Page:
Starring: Peter Fonda, Dennis Hopper, Jack Nicholson
Director: Dennis Hopper
Running Time: 92 mins
Easy Rider is an American film about two bikers who travel from Los Angeles to New Orleans on a huge road trip as they search for answers about life and America.
The title says it all. In what might just be the quintessential definition of laid-back hippies, Easy Rider is a very free-willed and deep film, and although it’s definitely an appropriate and often intriguing style for the story at hand, it’s not always the most riveting to watch on screen.
Let’s start on the bright side though, by saying that this would probably be the perfect movie for those of you looking for a deep, philosophical and often bordering on hallucinogenic watch. Capturing the spirit of hippie culture excellently, this is surely the film that will please fans of the lifestyle.
What’s more is that there’s a little bit of history in there too. Whilst the lead duo’s deep philosophical thought is the primary focus, what I actually found most interesting about Easy Rider was the way it looked at the clash of cultures, regions and generations during the 1960s.
Coming to a head particularly in the latter stages, there are some fascinating insights into how different various parts of America had become in this period, yielding some very unpredictable results.
Another bonus of the film is definitely its soundtrack. Of the numerous relaxed and free thinking things that the film does, the music is definitely the best. Featuring a whole host of now legendary tunes, the soundtrack gives the film that distinctive road trip feel, which is its most entertaining feature by far.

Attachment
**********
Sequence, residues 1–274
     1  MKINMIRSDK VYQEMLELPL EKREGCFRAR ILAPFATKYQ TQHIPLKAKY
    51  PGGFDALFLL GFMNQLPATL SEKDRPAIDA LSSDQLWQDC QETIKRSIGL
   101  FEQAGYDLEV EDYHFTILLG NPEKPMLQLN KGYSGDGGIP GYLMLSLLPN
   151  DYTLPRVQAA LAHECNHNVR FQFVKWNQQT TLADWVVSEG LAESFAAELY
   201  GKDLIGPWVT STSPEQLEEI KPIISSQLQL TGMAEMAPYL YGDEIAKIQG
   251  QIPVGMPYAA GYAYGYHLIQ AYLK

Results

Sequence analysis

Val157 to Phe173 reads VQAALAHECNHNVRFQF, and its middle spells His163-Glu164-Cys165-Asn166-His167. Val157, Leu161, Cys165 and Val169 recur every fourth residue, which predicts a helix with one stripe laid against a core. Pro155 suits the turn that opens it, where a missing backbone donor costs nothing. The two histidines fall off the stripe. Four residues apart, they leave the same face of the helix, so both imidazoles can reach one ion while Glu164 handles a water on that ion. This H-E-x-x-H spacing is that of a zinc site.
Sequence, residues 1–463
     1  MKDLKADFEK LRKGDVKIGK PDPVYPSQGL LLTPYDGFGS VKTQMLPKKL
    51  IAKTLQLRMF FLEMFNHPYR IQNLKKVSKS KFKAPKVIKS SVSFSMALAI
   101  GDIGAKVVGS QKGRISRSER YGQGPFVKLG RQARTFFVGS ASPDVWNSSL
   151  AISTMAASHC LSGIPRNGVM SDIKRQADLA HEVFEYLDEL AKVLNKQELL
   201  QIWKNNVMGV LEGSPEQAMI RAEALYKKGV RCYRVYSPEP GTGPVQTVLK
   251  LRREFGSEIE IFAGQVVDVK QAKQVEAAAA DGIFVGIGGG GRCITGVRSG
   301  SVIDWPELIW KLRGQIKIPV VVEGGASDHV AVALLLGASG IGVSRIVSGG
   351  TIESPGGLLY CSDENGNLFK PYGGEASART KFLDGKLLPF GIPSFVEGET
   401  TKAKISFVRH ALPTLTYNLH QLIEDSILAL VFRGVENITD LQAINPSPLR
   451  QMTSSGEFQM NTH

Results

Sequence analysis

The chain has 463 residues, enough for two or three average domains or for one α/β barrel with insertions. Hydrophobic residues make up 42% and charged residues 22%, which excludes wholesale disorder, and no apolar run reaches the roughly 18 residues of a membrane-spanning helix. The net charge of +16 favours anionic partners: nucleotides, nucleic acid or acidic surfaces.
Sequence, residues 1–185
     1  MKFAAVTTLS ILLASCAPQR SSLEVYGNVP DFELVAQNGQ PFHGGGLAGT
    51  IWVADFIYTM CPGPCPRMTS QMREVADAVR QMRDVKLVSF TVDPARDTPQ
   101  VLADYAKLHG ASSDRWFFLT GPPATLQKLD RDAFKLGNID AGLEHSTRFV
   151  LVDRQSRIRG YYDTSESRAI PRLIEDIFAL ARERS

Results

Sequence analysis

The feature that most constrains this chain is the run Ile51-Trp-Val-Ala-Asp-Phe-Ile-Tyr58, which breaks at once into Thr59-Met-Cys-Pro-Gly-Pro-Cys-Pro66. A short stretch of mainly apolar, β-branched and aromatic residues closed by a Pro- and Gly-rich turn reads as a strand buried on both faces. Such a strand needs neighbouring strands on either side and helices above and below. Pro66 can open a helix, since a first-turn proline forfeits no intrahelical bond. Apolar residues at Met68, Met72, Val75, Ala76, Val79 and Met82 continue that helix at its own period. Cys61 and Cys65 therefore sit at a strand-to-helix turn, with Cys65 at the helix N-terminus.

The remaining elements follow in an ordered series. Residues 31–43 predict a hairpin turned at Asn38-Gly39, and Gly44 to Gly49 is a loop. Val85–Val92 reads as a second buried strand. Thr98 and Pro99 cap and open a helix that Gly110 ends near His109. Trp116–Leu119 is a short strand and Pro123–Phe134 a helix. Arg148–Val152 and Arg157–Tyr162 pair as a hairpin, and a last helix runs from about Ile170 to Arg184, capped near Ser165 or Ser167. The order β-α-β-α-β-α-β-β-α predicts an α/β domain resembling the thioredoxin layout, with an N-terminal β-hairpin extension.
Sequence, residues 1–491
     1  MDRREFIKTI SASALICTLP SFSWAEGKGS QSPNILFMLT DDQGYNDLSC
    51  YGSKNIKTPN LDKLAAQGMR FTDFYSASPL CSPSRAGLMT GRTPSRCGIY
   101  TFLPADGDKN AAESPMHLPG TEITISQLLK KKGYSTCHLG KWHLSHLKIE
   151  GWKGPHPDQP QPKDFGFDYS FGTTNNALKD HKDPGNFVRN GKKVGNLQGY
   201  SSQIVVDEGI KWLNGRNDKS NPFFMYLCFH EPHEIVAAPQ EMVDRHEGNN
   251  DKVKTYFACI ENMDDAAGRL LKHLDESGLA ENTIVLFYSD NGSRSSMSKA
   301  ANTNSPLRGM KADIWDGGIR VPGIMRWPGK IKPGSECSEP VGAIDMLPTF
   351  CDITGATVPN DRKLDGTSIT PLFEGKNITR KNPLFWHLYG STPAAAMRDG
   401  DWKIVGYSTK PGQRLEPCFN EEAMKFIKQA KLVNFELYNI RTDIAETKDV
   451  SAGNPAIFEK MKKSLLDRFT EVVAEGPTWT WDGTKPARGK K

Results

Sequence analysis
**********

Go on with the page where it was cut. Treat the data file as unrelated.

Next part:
With all that said, I still have to say that I wasn’t fully captivated by Easy Rider. Contrary to what you might think, it’s not the slow pacing and lack of dialogue that does it (they’re actually some more of the film’s strengths), but instead the very fluid and free-thinking nature of the whole affair.
As I said at the beginning, that will definitely be a positive if you want something psychedelic, and although I love to see films pushing the boundaries, as this very much did back in 1969, I felt underwhelmed by the some of the film’s more abstract qualities, taking away significantly from my overall interest.
In the end, I’m not going to deny the legacy and innovation of Easy Rider, and it definitely has a lot of strong points going for it. However, I do feel that fully enjoying this film requires a particular taste, and that’s why I’m giving Easy Rider a 7.2 overall.